In 1977, audiences across the world watched Star Wars in theaters for the first time. George Lucas’s iconic sci-fi film quickly became a phenomenon, and over 40 years later, Star Wars is a genre (and an industry) unto itself, extending across movies, books, video games, comics, TV shows, and beyond. Ever since John Williams’s score first ushered us all into a galaxy far, far away, the Star Wars universe has been deeply rooted in Japanese culture and filmmaking. Now, with the release of the anime anthology Star Wars: Visions, the storytelling of Star Wars has come full circle, as seven Japanese anime studios have seized the opportunity to tell brand-new Star Wars stories with a distinct Japanese sensibility.
Visions features nine short films, all of which were released on Disney+ last Wednesday. The creation and content of the series, which can be heard with Japanese voicework or with English dubs, mark a significant departure from the typical Lucasfilm-produced Star Wars affair. The animation medium isn’t uncharted territory for the franchise: From Genndy Tartakovsky’s underrated Clone Wars micro-series to the recent Clone Wars spin-off The Bad Batch, animated series have been a consistent storytelling avenue for Lucasfilm for years. But it’s rare for the production company to relinquish creative control in the way that it has by collaborating with prominent Japanese anime studios to make Visions, which is not bound by (and often deviates from) the greater Star Wars canon.
By teaming up with these anime studios, including Production I.G and Trigger, Lucasfilm has compiled an anthology series that provides a unique Japanese perspective on the Star Wars universe that feels both fresh and familiar. Each of the nine episodes follows new, original characters—with the exception of a few familiar faces in Studio Colorido’s “Tatooine Rhapsody”—whose journeys play out in 14-to-23-minute installments that often allude to archetypal Star Wars themes and character dynamics, all while integrating Japanese culture more directly than ever before. Fittingly, Visions is bookended by two shorts that pay homage to the legendary Japanese filmmaker Akira Kurosawa, whose films served as one of the greatest sources of inspiration for Lucas in Star Wars.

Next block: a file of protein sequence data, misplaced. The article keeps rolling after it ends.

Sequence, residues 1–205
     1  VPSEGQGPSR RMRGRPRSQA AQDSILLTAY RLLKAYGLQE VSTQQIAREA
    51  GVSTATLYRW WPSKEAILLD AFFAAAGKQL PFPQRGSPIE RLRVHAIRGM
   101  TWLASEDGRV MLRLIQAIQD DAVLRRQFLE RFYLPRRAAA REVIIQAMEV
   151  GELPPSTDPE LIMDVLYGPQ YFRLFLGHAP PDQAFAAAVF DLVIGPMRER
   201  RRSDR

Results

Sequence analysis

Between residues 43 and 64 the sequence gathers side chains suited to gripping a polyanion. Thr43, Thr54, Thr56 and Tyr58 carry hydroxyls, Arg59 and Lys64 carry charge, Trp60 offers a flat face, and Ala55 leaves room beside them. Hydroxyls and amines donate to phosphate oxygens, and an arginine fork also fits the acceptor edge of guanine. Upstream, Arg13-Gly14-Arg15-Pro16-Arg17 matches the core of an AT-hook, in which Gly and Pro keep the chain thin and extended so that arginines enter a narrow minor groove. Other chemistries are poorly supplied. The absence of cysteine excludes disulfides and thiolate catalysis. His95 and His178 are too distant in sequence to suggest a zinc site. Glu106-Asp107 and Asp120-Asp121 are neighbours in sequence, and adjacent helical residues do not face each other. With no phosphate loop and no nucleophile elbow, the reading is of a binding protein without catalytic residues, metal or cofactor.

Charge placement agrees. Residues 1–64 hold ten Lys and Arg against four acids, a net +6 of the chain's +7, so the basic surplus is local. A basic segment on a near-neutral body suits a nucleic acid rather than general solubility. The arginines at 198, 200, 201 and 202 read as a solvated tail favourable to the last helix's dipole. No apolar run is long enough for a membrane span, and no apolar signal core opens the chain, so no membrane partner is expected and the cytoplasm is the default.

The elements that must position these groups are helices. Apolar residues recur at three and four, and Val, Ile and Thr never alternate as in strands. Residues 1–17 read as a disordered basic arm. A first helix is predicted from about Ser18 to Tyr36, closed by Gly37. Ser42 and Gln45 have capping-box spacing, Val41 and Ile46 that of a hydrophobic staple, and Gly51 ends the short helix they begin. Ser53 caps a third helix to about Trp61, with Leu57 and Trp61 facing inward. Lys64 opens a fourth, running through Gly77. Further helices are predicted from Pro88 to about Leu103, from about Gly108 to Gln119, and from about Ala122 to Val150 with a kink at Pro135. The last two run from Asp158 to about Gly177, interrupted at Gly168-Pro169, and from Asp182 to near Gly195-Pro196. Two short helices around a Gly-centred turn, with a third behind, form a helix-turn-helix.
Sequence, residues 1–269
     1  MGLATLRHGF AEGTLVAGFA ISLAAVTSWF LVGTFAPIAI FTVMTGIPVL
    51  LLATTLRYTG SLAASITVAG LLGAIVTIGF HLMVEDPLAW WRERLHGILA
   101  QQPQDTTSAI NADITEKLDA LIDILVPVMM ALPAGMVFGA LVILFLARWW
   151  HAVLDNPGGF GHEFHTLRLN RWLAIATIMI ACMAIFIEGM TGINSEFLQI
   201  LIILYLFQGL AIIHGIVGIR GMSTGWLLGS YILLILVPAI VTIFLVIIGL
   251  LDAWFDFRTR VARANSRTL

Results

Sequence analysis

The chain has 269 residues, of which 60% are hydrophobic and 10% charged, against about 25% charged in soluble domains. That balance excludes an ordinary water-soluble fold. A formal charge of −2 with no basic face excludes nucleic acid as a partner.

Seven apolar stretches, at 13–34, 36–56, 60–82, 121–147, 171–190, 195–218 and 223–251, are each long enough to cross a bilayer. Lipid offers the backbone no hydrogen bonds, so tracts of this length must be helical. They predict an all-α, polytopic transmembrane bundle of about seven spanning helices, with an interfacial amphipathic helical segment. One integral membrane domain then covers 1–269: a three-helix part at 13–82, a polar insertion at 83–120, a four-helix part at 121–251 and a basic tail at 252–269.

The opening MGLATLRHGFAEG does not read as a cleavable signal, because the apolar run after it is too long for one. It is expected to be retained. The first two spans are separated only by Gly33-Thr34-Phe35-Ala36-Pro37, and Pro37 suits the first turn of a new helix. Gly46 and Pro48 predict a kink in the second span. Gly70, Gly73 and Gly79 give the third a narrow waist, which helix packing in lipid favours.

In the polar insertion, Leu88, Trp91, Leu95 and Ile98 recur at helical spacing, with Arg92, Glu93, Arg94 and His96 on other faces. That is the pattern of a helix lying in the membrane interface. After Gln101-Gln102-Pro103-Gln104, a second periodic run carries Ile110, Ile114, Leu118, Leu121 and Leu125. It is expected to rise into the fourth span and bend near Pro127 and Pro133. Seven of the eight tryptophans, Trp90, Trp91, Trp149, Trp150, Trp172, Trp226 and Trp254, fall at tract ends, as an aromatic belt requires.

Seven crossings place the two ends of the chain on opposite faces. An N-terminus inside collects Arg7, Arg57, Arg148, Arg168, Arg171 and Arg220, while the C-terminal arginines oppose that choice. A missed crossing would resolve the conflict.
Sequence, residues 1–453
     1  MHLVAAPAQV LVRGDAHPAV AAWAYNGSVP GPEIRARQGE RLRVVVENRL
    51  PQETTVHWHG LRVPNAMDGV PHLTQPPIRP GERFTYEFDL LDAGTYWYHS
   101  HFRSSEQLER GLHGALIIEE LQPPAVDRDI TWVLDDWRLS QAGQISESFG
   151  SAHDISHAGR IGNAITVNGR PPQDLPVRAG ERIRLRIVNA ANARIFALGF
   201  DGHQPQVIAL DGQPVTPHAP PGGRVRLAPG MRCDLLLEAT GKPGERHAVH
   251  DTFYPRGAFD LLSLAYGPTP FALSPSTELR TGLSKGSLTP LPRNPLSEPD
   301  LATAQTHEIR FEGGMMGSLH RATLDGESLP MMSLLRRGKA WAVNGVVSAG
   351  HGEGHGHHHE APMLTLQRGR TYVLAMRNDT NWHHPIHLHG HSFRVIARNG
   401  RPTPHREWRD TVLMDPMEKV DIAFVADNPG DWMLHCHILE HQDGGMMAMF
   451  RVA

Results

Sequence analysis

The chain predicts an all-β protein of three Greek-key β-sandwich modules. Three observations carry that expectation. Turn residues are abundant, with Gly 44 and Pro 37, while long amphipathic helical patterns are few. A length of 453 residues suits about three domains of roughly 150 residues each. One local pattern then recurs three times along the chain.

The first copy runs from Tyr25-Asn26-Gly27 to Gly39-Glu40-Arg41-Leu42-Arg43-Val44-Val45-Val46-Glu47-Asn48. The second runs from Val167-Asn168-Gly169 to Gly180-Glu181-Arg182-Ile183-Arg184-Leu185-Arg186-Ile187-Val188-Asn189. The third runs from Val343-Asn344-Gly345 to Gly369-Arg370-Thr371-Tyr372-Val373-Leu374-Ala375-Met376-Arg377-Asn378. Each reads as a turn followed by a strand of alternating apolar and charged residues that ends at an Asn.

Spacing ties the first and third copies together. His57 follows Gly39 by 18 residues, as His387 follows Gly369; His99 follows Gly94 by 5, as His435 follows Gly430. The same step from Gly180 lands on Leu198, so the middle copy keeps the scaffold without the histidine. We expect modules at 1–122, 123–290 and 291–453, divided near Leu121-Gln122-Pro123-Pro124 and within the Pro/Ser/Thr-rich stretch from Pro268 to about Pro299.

Kurosawa, perhaps the most celebrated Japanese filmmaker of all time, influenced a generation of acclaimed American filmmakers, including Martin Scorsese, Francis Ford Coppola, Steven Spielberg, and George Lucas. Kurosawa’s Seven Samurai (1954) famously inspired The Magnificent Seven (1960), the American Western that helped turn Steve McQueen into a superstar, while Yojimbo (1961) did the same for Clint Eastwood’s A Fistful of Dollars (1964). For Lucas, Kurosawa’s The Hidden Fortress (1958) provided the template for A New Hope. “The one thing that really struck me about Hidden Fortress and I was really intrigued by, was the fact that the story was told from the two lowest characters,” Lucas said in a 2001 interview for The Criterion Collection. “I decided that that would be a nice way to tell the Star Wars story, which is to take the two lowliest characters, as Kurosawa did, and tell the story from their point of view, which in Star Wars’s case was the two droids.”
Lucas credited this narrative perspective as the strongest influence that The Hidden Fortress exerted on the creation of A New Hope, but the parallels between the two films run much deeper. Both stories are set in the midst of civil wars and feature former generals tasked with the crucial missions of escorting strong-willed princesses across enemy lines, as those lowly characters that Lucas referenced—Tahei and Matashichi in Hidden Fortress, C-3PO and R2-D2 in A New Hope—stumble along for the ride. Lucas even approached Toshiro Mifune, Kurosawa’s leading man, for the roles of Obi-Wan Kenobi and Darth Vader, both of which Mifune turned down due to concerns over Star Wars potentially cheapening the image of samurai, according to his daughter.